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217
Irrelevant Features and the Subset Selection Problem
 MACHINE LEARNING: PROCEEDINGS OF THE ELEVENTH INTERNATIONAL
, 1994
"... We address the problem of finding a subset of features that allows a supervised induction algorithm to induce small highaccuracy concepts. We examine notions of relevance and irrelevance, and show that the definitions used in the machine learning literature do not adequately partition the features ..."
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Cited by 741 (26 self)
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We address the problem of finding a subset of features that allows a supervised induction algorithm to induce small highaccuracy concepts. We examine notions of relevance and irrelevance, and show that the definitions used in the machine learning literature do not adequately partition the features into useful categories of relevance. We present definitions for irrelevance and for two degrees of relevance. These definitions improve our understanding of the behavior of previous subset selection algorithms, and help define the subset of features that should be sought. The features selected should depend not only on the features and the target concept, but also on the induction algorithm. We describe a method for feature subset selection using crossvalidation that is applicable to any induction algorithm, and discuss experiments conducted with ID3 and C4.5 on artificial and real datasets.
Bayesian Interpolation
 Neural Computation
, 1991
"... Although Bayesian analysis has been in use since Laplace, the Bayesian method of modelcomparison has only recently been developed in depth. In this paper, the Bayesian approach to regularisation and modelcomparison is demonstrated by studying the inference problem of interpolating noisy data. T ..."
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Cited by 721 (17 self)
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Although Bayesian analysis has been in use since Laplace, the Bayesian method of modelcomparison has only recently been developed in depth. In this paper, the Bayesian approach to regularisation and modelcomparison is demonstrated by studying the inference problem of interpolating noisy data. The concepts and methods described are quite general and can be applied to many other problems. Regularising constants are set by examining their posterior probability distribution. Alternative regularisers (priors) and alternative basis sets are objectively compared by evaluating the evidence for them. `Occam's razor' is automatically embodied by this framework. The way in which Bayes infers the values of regularising constants and noise levels has an elegant interpretation in terms of the effective number of parameters determined by the data set. This framework is due to Gull and Skilling. 1 Data modelling and Occam's razor In science, a central task is to develop and compare models to a...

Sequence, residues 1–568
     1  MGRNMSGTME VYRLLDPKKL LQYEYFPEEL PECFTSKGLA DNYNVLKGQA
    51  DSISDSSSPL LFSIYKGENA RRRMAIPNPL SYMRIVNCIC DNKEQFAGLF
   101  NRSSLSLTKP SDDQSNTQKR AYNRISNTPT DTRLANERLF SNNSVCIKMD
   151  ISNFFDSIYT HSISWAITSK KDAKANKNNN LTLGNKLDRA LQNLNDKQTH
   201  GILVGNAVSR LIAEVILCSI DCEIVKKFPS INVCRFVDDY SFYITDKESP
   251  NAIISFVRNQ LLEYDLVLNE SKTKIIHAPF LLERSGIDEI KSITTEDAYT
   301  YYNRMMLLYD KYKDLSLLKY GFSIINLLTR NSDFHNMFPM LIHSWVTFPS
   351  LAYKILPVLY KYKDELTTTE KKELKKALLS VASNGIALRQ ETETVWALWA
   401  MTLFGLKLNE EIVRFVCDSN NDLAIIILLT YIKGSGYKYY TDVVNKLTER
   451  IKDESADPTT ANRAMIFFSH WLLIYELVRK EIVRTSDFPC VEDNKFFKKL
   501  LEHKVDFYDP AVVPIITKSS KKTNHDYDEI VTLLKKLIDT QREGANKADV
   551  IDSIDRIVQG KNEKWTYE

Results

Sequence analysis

Survey of clustering data mining techniques
, 2002
"... Accrue Software, Inc. Clustering is a division of data into groups of similar objects. Representing the data by fewer clusters necessarily loses certain fine details, but achieves simplification. It models data by its clusters. Data modeling puts clustering in a historical perspective rooted in math ..."
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Cited by 400 (0 self)
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Accrue Software, Inc. Clustering is a division of data into groups of similar objects. Representing the data by fewer clusters necessarily loses certain fine details, but achieves simplification. It models data by its clusters. Data modeling puts clustering in a historical perspective rooted in mathematics, statistics, and numerical analysis. From a machine learning perspective clusters correspond to hidden patterns, the search for clusters is unsupervised learning, and the resulting system represents a data concept. From a practical perspective clustering plays an outstanding role in data mining applications such as scientific data exploration, information retrieval and text mining, spatial database applications, Web analysis, CRM, marketing, medical diagnostics, computational biology, and many others. Clustering is the subject of active research in several fields such as statistics, pattern recognition, and machine learning. This survey focuses on clustering in data mining. Data mining adds to clustering the complications of very large datasets with very many attributes of different types. This imposes unique
Minimum Message Length and Kolmogorov Complexity
 Computer Journal
, 1999
"... this paper is to describe some of the relationships among the different streams and to try to clarify some of the important differences in their assumptions and development. Other studies mentioning the relationships appear in [1, Section IV, pp. 10381039], [2, sections 5.2, 5.5] and [3, p. 465] ..."
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Cited by 127 (29 self)
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this paper is to describe some of the relationships among the different streams and to try to clarify some of the important differences in their assumptions and development. Other studies mentioning the relationships appear in [1, Section IV, pp. 10381039], [2, sections 5.2, 5.5] and [3, p. 465]
Bestfirst Model Merging for Hidden Markov Model Induction
, 1994